Build a Better Strategic Plan for Your Function

Turn your strategy into action with these tools and templates.

Streamline strategic planning for your function

Download Strategic Planning Templates

Build a strategic plan you can use.

By clicking the "Continue" button, you are agreeing to the Gartner Terms of Use and Privacy Policy.

Contact Information

All fields are required.

  • Step 2 of 3

    By clicking the "Continue" button, you are agreeing to the Gartner Terms of Use and Privacy Policy.

    Company Information

    All fields are required.

    Type company and location
    Optional Optional
  • Step 3 of 3

    By clicking the "Submit" button, you are agreeing to the Gartner Terms of Use and Privacy Policy.

    Strategic plans are often created and then forgotten until the next planning cycle begins.

    That’s one reason that strategic execution often takes too long and costs more than originally anticipated. In fact, only 8% of strategy leaders report a success rate of 90% or more on long-term strategic initiatives.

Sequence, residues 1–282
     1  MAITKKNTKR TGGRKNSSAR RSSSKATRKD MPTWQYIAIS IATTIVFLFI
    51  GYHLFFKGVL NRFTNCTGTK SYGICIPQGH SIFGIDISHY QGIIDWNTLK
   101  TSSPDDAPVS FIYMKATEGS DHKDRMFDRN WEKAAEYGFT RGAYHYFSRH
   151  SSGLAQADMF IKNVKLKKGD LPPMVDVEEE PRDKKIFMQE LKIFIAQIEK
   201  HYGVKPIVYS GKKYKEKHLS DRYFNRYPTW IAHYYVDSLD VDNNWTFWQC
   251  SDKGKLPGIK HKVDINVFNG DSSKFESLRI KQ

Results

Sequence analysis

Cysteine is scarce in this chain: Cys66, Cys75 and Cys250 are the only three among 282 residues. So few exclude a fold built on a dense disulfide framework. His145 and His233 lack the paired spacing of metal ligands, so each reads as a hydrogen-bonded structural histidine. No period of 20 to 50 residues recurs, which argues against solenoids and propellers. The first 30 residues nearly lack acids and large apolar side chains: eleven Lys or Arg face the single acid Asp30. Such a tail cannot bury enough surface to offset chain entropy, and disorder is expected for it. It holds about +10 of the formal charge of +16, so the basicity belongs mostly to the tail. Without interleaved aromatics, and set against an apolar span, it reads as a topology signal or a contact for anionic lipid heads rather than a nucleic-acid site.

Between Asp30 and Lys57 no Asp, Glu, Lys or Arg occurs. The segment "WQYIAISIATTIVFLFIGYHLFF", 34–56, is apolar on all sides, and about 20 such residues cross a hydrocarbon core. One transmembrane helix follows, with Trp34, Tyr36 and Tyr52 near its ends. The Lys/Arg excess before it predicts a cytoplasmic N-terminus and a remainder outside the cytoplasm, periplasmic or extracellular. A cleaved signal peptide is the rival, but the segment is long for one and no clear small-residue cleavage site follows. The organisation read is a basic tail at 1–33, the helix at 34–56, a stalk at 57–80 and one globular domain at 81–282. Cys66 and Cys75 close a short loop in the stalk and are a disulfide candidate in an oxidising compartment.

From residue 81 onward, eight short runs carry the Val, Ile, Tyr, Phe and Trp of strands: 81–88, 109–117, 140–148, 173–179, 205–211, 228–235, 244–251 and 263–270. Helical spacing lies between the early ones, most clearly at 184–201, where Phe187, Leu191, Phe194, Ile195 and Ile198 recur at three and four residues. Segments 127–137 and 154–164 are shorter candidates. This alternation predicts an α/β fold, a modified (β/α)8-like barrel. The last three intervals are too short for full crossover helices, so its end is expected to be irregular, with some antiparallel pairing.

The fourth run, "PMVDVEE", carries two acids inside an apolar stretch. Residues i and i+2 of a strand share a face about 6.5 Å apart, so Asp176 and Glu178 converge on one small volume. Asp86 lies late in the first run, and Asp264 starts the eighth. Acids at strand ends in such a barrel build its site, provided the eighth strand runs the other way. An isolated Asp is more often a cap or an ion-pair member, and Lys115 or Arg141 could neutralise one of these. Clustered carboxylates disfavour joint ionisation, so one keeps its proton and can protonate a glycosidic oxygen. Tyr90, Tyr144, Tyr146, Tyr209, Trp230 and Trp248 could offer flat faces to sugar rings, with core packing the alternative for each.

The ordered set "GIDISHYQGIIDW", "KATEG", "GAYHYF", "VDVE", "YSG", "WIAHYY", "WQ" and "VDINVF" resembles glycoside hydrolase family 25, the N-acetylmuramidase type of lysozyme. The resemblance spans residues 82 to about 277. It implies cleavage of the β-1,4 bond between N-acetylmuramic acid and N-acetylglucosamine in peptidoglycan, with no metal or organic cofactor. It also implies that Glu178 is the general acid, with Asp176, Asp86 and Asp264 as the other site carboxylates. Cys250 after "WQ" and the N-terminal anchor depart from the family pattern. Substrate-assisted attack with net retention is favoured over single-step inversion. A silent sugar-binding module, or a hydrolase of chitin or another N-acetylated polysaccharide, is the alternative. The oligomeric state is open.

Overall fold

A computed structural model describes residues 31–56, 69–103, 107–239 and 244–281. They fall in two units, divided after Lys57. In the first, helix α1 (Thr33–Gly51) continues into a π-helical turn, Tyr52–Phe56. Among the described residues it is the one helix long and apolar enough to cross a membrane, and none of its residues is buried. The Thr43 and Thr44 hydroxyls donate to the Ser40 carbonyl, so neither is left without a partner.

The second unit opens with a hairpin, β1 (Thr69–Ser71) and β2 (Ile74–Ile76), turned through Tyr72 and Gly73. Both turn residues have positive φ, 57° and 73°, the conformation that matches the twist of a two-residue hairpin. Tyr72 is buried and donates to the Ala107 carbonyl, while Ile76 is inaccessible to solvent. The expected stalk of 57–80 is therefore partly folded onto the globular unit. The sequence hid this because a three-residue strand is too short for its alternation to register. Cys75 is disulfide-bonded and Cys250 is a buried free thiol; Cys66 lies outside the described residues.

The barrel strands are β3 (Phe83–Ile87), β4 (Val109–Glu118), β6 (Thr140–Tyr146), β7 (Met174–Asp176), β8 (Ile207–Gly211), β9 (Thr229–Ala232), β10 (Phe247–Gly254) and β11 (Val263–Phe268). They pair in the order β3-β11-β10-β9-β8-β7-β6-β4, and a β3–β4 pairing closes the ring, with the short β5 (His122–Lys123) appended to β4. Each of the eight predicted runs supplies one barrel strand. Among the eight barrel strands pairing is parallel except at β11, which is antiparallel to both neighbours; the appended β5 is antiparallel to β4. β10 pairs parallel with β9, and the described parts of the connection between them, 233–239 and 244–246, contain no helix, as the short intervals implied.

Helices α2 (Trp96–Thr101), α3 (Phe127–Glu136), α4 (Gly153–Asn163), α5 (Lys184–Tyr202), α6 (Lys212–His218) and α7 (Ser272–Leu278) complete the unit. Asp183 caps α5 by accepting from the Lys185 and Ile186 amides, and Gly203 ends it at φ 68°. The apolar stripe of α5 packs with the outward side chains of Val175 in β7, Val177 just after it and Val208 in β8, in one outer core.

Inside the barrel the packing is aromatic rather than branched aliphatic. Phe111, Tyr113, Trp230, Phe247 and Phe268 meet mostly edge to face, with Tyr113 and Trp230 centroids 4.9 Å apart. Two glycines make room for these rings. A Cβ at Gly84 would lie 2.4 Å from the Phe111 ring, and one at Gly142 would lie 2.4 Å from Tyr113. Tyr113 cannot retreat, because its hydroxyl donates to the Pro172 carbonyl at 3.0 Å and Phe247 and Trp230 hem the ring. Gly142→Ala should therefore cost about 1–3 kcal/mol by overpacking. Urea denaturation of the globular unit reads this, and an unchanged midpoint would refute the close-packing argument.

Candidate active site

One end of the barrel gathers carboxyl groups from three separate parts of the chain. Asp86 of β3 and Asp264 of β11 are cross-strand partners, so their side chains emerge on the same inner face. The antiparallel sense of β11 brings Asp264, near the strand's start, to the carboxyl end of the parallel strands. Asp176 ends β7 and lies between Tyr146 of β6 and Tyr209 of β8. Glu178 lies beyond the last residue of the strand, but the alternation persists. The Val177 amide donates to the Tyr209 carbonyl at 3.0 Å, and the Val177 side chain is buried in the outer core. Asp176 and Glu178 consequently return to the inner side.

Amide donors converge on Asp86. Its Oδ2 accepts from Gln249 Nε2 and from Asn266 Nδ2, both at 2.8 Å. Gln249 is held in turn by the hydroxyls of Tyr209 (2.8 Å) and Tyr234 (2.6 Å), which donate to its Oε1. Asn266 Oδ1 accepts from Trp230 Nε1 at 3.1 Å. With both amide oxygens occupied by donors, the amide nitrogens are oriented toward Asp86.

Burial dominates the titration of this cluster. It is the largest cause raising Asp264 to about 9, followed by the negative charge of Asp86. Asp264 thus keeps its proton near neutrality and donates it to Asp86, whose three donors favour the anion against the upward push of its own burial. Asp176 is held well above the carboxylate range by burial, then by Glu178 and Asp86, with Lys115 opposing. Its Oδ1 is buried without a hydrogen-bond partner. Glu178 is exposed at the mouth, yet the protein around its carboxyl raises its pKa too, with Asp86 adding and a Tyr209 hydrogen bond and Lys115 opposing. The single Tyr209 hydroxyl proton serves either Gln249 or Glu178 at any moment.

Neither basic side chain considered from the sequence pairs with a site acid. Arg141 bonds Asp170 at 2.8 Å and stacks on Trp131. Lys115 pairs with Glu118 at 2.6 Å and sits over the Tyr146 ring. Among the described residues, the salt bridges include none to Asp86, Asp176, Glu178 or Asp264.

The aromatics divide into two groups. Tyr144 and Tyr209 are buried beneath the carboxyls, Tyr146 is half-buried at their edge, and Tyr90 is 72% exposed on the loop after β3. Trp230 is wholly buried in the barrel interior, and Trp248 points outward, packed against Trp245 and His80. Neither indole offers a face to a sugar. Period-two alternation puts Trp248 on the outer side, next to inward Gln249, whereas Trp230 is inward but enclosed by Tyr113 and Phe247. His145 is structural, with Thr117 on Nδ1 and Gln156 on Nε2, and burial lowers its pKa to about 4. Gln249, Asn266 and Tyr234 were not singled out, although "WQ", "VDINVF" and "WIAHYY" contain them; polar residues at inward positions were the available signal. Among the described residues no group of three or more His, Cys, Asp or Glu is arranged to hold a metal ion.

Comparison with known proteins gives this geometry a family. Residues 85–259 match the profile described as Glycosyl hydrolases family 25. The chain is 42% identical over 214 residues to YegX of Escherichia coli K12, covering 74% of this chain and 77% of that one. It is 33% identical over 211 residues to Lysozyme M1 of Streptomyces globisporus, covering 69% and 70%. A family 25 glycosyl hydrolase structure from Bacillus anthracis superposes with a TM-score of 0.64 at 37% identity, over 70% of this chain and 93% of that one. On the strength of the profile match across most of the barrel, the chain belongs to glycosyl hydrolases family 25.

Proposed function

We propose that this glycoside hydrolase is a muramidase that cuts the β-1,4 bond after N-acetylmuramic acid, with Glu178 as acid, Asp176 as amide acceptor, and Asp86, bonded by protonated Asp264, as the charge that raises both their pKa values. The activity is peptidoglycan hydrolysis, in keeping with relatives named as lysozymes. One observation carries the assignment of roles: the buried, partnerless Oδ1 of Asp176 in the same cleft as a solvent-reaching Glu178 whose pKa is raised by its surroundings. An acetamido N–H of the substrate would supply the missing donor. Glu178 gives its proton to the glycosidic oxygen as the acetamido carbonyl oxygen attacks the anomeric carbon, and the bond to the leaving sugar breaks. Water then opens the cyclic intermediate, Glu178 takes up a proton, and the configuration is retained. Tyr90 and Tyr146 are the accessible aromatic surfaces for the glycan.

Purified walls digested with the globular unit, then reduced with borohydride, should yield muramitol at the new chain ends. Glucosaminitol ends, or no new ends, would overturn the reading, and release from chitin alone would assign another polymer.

Done well, a strategic plan turns the enterprise strategy into specific initiatives and actions that provide a clear roadmap to execute the strategy and meet business goals.

    By using simple tools and templates, functional leaders can map and communicate their priorities on a page or two and make it easier for everyone to understand why and how to execute the plan.

    3 Things to Know About Strategy When Doing Strategic Planning

    A clear tie between strategy and strategic plans

    It’s easy to confuse the essence of strategy with a more detailed strategic plan, especially when conditions are changing fast and the horizon for change is short, but Job No. 1 is to know the difference and why it matters.

    • Strategy defines the long-term direction of the enterprise, articulating what the enterprise will do to compete and succeed in its chosen markets or, for the public sector, what the agency will do to achieve its mission.